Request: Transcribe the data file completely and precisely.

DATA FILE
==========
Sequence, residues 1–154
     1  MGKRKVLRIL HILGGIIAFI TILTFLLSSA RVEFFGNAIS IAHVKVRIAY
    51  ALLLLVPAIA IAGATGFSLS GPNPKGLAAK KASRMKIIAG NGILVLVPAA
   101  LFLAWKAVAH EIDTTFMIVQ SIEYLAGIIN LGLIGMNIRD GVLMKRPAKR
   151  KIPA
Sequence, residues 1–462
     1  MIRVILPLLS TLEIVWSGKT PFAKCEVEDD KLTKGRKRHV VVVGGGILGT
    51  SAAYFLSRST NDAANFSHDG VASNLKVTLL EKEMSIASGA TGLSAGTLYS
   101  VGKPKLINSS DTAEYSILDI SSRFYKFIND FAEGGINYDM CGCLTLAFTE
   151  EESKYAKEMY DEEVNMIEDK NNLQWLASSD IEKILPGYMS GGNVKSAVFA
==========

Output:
Sequence, residues 1–154
     1  MGKRKVLRIL HILGGIIAFI TILTFLLSSA RVEFFGNAIS IAHVKVRIAY
    51  ALLLLVPAIA IAGATGFSLS GPNPKGLAAK KASRMKIIAG NGILVLVPAA
   101  LFLAWKAVAH EIDTTFMIVQ SIEYLAGIIN LGLIGMNIRD GVLMKRPAKR
   151  KIPA
Sequence, residues 1–462
     1  MIRVILPLLS TLEIVWSGKT PFAKCEVEDD KLTKGRKRHV VVVGGGILGT
    51  SAAYFLSRST NDAANFSHDG VASNLKVTLL EKEMSIASGA TGLSAGTLYS
   101  VGKPKLINSS DTAEYSILDI SSRFYKFIND FAEGGINYDM CGCLTLAFTE
   151  EESKYAKEMY DEEVNMIEDK NNLQWLASSD IEKILPGYMS GGNVKSAVFA